Apple Moth Threat Discovered in United States

Apple Moth Threat Discovered in United States


Apple Moth Discovery

The light brown apple moth has recently been found in California. This devastating pest is capable of causing widespread damage to agricultural crops if not contained, and has the potential to cost farmers a phenomenal amount to replace lost and destroyed plants. Because of this apple moth discovery, new control measures are being considered and implemented to prevent its spread.

Apple Moth Facts

In order to understand the threat the apple moth poses, it is a good idea to arm yourself with some basic facts about its origins, life cycle and feeding habits. By understanding the species in greater depth, it can become easier to think of ways to counter its spread.

The apple moth originates from Australia, but has since been introduced to a range including New Zealand, the British Isles and Hawaii. It is in these home nations the apple moth has been known to cause much damage, and thus helps to prepare us for the potential hazards a spread in Continental America may produce.

Apple moth eggs are laid in clusters of 3–150 on leaves or fruit. Adults produced by the overwintering larval generation emerge during October and November. It is between October and December that more egg-laying takes place, allowing for future generations of the apple moth to emerge. During all of this time, the apply moth feeds on apple trees and other similar species to sustain itself.

The apple moth is known to feed on just about every plant species in existence, leading some insect experts (entomologists) to label it the “light brown everything moth.” Because of this fact, coupled with the fact there are no natural enemies of the apple moth in North America, it is of great concern they have been discovered. Successfully containing such a sturdy species can prove difficult at best.

The apple moth larvae cause damage to foliage and fruit. Early instars feed on tissue beneath the upper surface layer of leaves while protected under self-constructed silk webs on the undersurface. Larger apple moth larvae migrate from these positions to construct feeding areas between adjacent leaves, between leaves and fruit, in developing buds or on a single leaf where the leaf roll develops.

Fruit damage is common in apple varieties which form compact fruit clusters. Leaves are often stuck to the fruit with webbing and the feeding injuries take place under the protection of the leaf itself. Internal damage to apple, pear, and citrus fruits is less common, but a young apple moth larva may enter the interior of an apple or pear fruit beneath the stem to eat the flesh contained deep within.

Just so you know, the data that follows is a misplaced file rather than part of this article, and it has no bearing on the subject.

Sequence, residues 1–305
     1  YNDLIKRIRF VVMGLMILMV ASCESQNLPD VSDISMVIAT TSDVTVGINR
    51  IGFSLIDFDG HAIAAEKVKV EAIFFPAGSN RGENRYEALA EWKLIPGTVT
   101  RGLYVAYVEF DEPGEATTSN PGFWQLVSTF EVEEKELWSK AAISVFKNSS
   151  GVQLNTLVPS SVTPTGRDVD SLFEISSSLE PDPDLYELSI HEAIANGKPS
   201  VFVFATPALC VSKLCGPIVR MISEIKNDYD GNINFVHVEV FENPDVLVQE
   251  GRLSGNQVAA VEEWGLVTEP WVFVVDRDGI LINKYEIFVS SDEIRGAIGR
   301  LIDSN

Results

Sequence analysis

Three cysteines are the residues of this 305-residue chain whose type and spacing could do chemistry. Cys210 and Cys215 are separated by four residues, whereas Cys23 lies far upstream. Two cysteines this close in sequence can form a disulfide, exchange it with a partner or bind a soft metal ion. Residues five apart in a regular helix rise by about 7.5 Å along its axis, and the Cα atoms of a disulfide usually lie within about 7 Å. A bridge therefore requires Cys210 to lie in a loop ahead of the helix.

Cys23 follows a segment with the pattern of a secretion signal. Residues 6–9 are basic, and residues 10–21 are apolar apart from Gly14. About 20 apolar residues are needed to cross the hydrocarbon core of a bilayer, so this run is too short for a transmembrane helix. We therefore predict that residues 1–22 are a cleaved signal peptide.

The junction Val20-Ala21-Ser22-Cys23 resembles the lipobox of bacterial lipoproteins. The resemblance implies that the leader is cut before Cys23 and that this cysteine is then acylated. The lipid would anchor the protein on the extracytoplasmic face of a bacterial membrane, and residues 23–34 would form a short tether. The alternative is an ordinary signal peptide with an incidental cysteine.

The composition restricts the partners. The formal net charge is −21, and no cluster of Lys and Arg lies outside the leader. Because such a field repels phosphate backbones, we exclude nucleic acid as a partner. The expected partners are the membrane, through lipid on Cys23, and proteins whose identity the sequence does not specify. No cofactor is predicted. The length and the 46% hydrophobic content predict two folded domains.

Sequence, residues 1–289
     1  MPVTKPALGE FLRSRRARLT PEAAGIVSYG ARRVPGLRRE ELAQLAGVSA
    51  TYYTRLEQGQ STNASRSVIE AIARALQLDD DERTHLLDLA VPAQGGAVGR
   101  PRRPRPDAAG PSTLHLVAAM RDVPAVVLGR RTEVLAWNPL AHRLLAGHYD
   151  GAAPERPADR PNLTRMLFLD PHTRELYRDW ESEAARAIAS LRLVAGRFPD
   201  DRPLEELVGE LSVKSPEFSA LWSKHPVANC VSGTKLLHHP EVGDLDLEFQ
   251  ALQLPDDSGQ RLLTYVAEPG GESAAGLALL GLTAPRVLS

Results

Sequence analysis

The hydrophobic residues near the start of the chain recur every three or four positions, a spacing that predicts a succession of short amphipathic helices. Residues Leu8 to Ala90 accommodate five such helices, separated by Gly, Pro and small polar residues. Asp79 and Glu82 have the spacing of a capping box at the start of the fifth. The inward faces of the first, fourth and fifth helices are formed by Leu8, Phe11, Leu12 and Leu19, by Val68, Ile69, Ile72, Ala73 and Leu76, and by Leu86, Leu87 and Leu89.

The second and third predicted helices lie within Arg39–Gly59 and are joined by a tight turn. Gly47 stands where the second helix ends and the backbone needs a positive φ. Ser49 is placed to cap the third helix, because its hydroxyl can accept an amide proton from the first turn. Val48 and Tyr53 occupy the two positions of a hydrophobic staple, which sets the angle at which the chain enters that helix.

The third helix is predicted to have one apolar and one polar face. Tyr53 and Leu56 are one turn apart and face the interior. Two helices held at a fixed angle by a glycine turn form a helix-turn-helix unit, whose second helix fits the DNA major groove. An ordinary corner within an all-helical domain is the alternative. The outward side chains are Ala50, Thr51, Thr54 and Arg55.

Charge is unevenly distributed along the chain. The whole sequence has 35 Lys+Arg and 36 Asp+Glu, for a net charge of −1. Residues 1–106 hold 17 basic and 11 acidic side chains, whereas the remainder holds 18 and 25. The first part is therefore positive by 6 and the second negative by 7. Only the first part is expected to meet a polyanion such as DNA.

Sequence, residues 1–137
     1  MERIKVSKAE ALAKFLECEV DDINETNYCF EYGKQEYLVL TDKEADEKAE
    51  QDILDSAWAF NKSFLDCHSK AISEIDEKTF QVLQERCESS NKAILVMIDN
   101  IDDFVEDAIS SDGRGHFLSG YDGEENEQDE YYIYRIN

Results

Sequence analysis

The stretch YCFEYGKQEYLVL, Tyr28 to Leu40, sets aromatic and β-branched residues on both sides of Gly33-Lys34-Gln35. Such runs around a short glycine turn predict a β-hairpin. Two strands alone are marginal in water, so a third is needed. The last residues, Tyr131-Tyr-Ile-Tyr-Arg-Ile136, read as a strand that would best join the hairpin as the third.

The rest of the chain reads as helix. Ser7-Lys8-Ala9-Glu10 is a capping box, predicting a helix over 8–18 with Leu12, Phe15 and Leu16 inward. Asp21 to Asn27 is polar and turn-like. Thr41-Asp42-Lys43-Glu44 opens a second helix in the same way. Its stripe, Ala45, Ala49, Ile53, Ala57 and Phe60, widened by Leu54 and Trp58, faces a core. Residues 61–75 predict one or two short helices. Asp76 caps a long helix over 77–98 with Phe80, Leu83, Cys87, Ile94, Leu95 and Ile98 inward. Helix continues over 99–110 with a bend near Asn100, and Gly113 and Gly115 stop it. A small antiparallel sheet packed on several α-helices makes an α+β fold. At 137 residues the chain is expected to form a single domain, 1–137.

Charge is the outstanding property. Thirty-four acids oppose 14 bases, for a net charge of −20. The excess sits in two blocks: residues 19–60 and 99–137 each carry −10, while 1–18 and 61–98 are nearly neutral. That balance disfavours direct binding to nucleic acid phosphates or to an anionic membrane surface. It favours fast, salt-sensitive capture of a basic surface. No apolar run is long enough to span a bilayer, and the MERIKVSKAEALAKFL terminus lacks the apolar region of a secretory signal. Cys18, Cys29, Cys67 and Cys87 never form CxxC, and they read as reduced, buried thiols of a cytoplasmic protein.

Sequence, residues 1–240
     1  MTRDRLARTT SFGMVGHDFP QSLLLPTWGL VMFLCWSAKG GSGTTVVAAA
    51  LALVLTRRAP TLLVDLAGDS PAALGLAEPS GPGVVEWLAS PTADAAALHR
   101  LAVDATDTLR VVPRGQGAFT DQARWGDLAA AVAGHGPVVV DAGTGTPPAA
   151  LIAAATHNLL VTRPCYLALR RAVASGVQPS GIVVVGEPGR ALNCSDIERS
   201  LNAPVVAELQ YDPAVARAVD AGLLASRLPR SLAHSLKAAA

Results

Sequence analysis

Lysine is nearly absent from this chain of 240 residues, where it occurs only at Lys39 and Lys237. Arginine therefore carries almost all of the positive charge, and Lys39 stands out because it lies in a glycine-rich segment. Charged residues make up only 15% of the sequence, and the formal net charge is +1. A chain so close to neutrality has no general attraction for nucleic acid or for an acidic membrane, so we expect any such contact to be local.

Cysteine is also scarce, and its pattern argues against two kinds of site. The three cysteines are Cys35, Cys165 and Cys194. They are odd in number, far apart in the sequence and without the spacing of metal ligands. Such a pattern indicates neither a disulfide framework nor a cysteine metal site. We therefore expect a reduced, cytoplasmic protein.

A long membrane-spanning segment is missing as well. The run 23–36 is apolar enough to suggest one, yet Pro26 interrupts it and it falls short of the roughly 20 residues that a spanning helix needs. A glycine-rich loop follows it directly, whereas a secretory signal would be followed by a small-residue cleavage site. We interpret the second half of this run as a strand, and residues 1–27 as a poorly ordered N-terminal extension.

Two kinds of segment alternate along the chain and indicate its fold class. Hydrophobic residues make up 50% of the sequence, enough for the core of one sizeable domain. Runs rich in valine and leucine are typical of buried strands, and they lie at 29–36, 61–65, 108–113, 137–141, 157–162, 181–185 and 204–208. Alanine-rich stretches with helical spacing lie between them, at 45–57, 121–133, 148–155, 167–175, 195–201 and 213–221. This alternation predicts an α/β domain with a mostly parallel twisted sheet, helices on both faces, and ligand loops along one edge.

This damage makes many fruit harvests less valuable or unwanted entirely, as apples filled with holes from eating apple moth larvae are generally rather undesirable. In addition, a grave threat in the form of transference exists, wherein a shipment of fruit, vegetables or even flowers can contain hidden apple moth larvae or eggs, presenting the possibility of a new infestation.

Apple Moth Containment

Due to the serious threat posed by the apple moth, great efforts are now being taken to control its spread throughout the continental Americas. Pesticides, visual inspections and quarantines are all being imposed to ensure further crop damage is limited or eliminated. In particular, Canada has recently imposed quarantine on all cut flowers imported from California.

This quarantine is intended to prevent the apple moth from being introduced to Canada’s own fields, and requires all shipments be inspected and given a sanitary certificate before they are allowed into the country. This is causing trading strains and increased costs for shippers, making it all the more crucial the apple moth be contained as quickly as possible.

If you are a gardener or a farmer, it may be a wise idea to visit the CFIA website at to learn more information about the threat and what is being done to control it. By becoming aware of these facts you can begin a search throughout your own crops to make sure you aren’t being infested.

The unfortunate side-effect of this spread of apple moths is that there is potential for price increases in the future if containment is not successful. This would affect both the produce and floral industries, and would have a profound economic impact on each of them. Although apple moths present no physical harm to humans or animals, the threat to plants is very great indeed.

Newly-introduced species tend to cause the most damage, as can often be seen in many newer countries around the world (Australia in particular). They tend to be brought over by boat and by plane as unseen stowaways in shipping containers or luggage. Fortunately, continual efforts are being made to prevent the future spread of potentially dangerous pests.

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